The supernova explosion of massive stars is regularly observed in distant galaxies, but the underlying mechanism is still a major challenge to theorists.
This process starts with the gravitational contraction of the stellar core into a proto-neutron star. It is followed by a phase of quasi-stationary accretion where transverse motions and turbulence are induced by hydrodynamical instabilities.
Numerical simulations of simplified models are used to evaluate their effects on the explosion and on the pulsar kick/spin. Surprisingly, two of these instabilities can be illustrated with a simple hydraulic experiment based on a shallow water analogy. The Standing Accretion Shock Instability and the corotation instability are able to redistribute angular momentum radially even for moderate rotation rates.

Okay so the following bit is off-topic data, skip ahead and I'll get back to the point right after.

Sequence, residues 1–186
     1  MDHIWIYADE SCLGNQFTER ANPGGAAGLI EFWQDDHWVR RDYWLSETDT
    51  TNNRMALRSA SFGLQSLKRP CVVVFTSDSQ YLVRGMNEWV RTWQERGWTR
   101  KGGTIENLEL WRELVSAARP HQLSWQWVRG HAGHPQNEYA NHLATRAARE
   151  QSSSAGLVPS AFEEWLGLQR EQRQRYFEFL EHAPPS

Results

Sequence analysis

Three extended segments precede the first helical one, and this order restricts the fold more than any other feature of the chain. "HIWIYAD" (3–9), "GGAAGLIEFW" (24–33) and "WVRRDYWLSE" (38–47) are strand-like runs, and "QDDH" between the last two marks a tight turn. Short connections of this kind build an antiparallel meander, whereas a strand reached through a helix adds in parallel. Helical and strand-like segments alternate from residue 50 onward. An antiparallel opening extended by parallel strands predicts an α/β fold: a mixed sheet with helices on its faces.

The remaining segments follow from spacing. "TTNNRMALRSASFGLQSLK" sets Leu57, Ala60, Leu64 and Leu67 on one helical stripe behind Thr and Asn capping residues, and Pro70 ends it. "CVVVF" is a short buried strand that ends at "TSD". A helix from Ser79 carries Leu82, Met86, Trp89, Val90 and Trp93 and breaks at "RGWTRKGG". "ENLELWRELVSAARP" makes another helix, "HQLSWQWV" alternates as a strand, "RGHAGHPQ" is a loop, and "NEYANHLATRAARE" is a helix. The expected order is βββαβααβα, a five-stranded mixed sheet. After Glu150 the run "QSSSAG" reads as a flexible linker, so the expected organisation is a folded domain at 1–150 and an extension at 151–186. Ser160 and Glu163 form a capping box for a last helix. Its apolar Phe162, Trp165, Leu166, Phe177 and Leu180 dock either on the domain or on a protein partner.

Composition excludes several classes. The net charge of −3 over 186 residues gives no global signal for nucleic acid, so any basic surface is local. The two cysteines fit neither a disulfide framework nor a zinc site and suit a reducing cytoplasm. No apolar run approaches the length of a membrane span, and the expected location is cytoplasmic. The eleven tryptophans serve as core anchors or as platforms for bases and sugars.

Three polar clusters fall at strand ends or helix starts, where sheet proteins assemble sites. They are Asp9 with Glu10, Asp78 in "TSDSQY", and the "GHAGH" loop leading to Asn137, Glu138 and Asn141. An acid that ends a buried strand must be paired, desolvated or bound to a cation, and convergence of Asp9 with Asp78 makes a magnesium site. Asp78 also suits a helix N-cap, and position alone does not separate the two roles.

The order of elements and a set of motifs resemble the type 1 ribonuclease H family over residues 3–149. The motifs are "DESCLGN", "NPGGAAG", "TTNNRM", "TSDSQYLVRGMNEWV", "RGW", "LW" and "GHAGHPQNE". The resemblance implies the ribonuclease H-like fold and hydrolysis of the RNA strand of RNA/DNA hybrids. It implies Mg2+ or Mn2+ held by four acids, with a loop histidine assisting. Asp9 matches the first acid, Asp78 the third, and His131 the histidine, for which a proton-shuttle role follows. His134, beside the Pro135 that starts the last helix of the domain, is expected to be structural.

Results are analyzed in view of the constraints set by stellar evolution and by the spin properties of pulsars.
Both instabilities induce oscillations which may be directly observable with current detectors of gravitational waves and neutrinos.